Dispute Over Springhills Continues With Lawsuit Delivered to County
While it may have come as a surprise to many who protested the Springhills expansion, PREIT however, has been combing through transcripts from public hearings, emails by the county and minutes from commission meetings from the past year looking for violations in the development process and now they say the found them.
This is what the developers of Springhills were proposing to build that is until they were denied the expansion they were seeking on May 3rd of this year.
After months of controversy and public uproar county commissioners said no to the 1.5 million acre commercial complex expansion, saying that they had to stick to the original plan --as known as the Development of Regional Impact, or DRI. Now PREIT is saying that the county has been meeting behind their back over the course of a year. the suit filed yesterday states: "That the county failed to provide reasonable notice of informal meetings the county commission held between January 17, 2006 and April 17, 2007."
At which the developer's lawyer, Bruce Goldman claims decisions were made. In a phone interview he said, "You can't crystallize decisions outside of the sunshine it was that that probably that triggered and tripped out interest in pursuing a legal remedy."
The county says otherwise, saying that no voting takes place at informal meetings. According to Mark Sexton, Alachua County Commission spokesperson, who could speak only on limited terms, said "The PREIT's contention that there were secret meetings that took place certainly the county contention that the meetings in question were properly notified and held in the sunshine."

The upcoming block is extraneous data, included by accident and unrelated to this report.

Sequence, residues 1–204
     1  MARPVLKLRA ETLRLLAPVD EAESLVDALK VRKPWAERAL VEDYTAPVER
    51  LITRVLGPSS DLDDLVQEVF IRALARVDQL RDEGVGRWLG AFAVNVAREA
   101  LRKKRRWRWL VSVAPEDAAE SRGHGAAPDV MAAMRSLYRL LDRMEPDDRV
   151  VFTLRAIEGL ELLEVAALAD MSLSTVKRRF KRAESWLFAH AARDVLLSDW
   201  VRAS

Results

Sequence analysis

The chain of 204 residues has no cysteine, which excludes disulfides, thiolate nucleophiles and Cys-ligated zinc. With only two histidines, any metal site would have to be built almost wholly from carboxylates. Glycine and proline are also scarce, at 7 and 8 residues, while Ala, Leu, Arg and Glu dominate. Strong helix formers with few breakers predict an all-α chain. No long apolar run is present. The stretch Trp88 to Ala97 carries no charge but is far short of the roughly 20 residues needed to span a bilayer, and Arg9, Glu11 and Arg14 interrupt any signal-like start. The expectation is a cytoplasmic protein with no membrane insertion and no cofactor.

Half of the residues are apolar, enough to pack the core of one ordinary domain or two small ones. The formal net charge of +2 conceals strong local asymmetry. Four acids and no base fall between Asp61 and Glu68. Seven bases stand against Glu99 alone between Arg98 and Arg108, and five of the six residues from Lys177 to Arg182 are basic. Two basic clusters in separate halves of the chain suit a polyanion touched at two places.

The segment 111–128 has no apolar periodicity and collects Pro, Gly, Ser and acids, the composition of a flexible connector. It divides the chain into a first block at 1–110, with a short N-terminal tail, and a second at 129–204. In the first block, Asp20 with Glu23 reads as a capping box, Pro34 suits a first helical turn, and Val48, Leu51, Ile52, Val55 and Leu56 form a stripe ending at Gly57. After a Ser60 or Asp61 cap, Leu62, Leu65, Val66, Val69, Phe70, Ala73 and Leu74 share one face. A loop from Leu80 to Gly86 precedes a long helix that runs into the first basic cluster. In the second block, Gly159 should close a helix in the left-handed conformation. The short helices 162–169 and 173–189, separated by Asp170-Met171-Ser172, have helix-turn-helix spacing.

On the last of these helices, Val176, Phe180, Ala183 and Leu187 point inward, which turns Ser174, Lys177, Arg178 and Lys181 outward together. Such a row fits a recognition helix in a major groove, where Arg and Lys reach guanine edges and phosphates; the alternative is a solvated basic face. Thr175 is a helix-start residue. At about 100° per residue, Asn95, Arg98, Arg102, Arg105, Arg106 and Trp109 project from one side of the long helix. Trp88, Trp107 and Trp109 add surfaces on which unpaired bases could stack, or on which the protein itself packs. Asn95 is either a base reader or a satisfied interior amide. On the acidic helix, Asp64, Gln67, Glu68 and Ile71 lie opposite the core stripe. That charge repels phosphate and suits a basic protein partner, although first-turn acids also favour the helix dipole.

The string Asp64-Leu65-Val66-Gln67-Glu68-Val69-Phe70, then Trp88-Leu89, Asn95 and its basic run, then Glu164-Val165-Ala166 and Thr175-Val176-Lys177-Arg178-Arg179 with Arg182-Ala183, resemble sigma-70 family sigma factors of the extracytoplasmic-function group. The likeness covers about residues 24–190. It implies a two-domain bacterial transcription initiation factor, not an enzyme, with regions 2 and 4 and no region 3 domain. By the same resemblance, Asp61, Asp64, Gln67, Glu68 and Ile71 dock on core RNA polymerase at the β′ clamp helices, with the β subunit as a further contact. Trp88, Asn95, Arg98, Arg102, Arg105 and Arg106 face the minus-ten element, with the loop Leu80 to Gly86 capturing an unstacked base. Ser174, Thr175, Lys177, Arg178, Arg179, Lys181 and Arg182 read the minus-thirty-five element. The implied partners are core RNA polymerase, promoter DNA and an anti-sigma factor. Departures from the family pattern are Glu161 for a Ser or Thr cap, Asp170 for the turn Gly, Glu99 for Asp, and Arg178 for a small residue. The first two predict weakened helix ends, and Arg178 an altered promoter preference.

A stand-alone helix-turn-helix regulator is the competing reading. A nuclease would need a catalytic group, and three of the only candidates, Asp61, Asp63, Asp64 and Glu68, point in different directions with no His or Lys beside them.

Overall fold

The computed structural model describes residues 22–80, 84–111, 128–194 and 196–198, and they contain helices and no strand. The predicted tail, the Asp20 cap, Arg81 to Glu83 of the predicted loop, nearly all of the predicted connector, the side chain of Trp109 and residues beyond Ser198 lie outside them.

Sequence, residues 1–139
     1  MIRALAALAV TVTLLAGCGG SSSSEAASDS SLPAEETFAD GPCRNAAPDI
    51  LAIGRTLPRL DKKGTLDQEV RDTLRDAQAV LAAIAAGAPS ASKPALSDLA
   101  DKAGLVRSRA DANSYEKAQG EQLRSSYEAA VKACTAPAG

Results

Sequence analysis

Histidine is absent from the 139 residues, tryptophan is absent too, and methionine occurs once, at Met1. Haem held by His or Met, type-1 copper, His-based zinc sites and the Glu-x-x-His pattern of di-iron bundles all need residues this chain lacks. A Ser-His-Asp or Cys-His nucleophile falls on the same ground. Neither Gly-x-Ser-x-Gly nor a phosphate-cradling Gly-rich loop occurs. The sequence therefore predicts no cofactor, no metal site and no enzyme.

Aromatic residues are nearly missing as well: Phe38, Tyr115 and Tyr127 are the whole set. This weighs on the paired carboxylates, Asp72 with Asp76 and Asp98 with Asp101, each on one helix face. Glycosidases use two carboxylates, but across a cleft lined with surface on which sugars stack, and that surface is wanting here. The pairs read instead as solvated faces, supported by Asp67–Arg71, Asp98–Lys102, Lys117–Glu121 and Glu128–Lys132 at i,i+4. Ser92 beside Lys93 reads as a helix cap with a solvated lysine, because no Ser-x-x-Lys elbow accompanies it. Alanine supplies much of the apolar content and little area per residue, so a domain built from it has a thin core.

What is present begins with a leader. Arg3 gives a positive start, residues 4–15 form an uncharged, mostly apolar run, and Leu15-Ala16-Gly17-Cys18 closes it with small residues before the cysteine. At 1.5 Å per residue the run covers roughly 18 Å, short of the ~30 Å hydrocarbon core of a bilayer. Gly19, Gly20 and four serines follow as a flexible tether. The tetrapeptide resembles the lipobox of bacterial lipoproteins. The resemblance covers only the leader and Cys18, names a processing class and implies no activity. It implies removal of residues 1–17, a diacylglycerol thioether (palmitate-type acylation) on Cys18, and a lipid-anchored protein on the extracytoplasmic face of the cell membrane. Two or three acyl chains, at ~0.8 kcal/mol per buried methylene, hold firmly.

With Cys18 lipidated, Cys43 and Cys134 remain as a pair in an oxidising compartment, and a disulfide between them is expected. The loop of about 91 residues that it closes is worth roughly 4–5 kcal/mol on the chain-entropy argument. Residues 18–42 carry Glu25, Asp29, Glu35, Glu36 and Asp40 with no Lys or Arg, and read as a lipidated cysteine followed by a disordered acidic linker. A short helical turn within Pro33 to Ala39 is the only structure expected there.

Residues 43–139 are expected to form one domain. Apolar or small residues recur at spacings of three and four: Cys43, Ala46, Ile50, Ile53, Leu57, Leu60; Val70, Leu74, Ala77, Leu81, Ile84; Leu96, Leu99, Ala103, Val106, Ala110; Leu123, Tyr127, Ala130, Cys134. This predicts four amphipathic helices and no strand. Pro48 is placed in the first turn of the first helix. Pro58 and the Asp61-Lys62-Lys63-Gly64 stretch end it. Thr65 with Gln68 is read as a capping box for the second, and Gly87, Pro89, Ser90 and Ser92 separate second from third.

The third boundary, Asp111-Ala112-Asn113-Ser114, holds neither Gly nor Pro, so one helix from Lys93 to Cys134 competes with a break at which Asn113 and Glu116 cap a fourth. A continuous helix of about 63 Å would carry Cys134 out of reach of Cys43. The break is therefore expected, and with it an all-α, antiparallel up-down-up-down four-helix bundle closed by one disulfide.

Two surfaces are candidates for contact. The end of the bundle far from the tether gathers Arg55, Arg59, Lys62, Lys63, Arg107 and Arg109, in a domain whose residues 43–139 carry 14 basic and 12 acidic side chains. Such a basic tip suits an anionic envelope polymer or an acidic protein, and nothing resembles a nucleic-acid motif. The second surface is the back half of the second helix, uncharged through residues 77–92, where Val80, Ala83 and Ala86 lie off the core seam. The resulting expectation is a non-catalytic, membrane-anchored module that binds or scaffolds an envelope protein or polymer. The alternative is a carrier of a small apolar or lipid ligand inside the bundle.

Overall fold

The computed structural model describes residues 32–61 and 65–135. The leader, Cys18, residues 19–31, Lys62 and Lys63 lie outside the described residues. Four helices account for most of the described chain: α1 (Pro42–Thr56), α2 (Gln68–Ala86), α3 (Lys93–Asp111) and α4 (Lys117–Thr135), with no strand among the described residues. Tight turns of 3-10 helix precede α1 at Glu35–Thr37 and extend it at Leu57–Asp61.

But the developer says that isn't all. They say that traffic studies done by the planning council weren't in accordance to what PREIT expected. Goldman says that "What became 40 million dollars of roadways for which the project is significant and adverse became 120 million worth of roadways."
"The county commission did what they thought was right in the Springhills case, they had good reason to deny the comprehensive plan agreement," says Sexton.
PREIT is hoping that they county will revert to estimation from earlier studies that will require they pay no more than $18 million dollars, after reimbursements, for necessary road expansion.
By Stacey Samuel, WCJB TV20 News
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